Tuesday's Skimo race (Dec 18th)- First event for me using lightweight gear. They always say and I have found that you learn far more in events where you struggle miserably. This was the case on this event. The group took off like a pack of deer being hunted by a desperate group of men in orange. Tom and Andy cruised off the line (apparently like always) and this was my first mistake.  I should have gone at my own pace. I jumped on their backs until we reached the first switch back. Here's my second mistake. As I went to kick turn I slid back about 3 feet (Bart G. got a front row seat). The same happened on nearly all the steep switchbacks during the whole race. Why? I was borrowing the SKIMO Yoda's skins (guess who that is?) because I was dealing with some glue issues on my other ones. He was gracious enough to let me. Well, Yoda likes his skins to be cut ultra short in length and being the SKIMO master that he is, he can skin up just about anything. Me on the other hand, a young (really actually old in age) padowan racing skin guy failed miserable. I am new to skinning on race skins and simply put, I need more practice. Before I knew it all I could see was spandex in front of me in a line of trailing headlamps. Then came the transitions. Mistake number 3. I need to learn how to transition fluidly and patiently.  I'm working on it. The race couldn't end quick enough for me. At the conclusion of the fourth lap I hung my head low, licked my wounds and headed home. It was a great course though!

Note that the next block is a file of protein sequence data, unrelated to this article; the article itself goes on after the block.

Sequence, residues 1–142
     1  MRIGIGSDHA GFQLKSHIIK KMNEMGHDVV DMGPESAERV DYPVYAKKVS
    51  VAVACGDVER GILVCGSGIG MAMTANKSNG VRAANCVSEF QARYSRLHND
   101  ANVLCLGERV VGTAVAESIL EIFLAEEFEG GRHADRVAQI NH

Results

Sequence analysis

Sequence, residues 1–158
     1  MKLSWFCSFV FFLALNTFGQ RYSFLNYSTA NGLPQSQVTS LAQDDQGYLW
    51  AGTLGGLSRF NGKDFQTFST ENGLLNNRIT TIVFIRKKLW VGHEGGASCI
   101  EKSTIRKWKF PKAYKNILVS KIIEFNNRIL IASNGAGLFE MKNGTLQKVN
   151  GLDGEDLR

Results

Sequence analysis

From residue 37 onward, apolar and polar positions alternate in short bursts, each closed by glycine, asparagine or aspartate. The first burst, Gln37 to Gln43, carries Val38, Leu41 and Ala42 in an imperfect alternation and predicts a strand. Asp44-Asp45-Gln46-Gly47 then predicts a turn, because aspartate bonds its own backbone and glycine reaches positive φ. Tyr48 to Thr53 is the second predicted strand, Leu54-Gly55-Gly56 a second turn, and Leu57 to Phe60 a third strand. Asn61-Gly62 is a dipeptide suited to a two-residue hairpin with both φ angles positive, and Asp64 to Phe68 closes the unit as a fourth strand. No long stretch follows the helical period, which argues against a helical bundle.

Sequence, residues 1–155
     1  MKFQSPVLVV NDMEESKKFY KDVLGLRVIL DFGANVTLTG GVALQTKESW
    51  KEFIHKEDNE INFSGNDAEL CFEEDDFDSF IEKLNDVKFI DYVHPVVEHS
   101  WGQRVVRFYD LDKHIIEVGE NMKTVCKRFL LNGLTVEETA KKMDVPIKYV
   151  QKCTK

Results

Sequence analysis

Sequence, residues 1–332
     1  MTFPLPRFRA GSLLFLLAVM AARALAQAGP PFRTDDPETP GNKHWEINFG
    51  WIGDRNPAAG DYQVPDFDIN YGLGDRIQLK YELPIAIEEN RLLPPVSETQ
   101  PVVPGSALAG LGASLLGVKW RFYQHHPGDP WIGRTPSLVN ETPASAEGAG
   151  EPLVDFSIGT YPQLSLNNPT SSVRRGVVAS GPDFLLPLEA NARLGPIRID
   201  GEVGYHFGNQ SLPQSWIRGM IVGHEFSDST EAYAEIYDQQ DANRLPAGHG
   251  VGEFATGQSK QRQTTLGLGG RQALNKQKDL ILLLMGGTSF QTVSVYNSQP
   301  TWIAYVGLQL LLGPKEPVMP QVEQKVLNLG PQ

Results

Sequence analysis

Christmas Eve Race (Dec 24th)- Andy, Tom (he also won the race) and others (thank you) set a longer course which covered about 3,000 feet of elevation gain over three progressively shorter laps on Great Western. It was a beautiful morning, snowing at the first part and the course was magnificent. Everyone was cheery for the holiday season. As I had tried to work on some of my failures on the last race, the event went a bit smoother. Rather than spaz out at the beginning I went at my own pace. My skin glue issue was resolved (I only have one race set) and I was back to a longer, full length race skin. I have a long way to go before I can skin like the Yoda. It will likely never happen. At the top of Great Western Tom was in front of me and gaining real estate fast.  I topped out behind him with Nick and Tim nipping at my heels. They did this the whole race.  By the time I transitioned these boys were already transitioning. On down some great powder we went. Nearing the top of the second lap, Tom was already long gone. I could see him way up ahead and there was no chance I could reel him in. The third lap was shorter and I could see Tom through the trees skiing down as I was nearing the top. My transitions continued to be sloppy (perhaps I can blame it on my leather work gloves, or my baggy jogging pants-- but probably not). As I reached the bottom, there were two figures standing there. Tom standing with his cheerleader and sweetheart, already with a big coat on and a smile. Probably already had a sandwich. Tom is amazing. Tim and Nick then came in along with Eric, Courtney and other folks. It was so much fun to talk with Nick and Tim while we (I) frantically transitioned. They are wonderful. I was contending with a super stoke factor in Tim as this was his first day on his lightweight set up (Hagan skis) and he was loving it. Family traditions were on my watch so immediately following the race I cruised home to be with my wife and kids. It was a fun morning.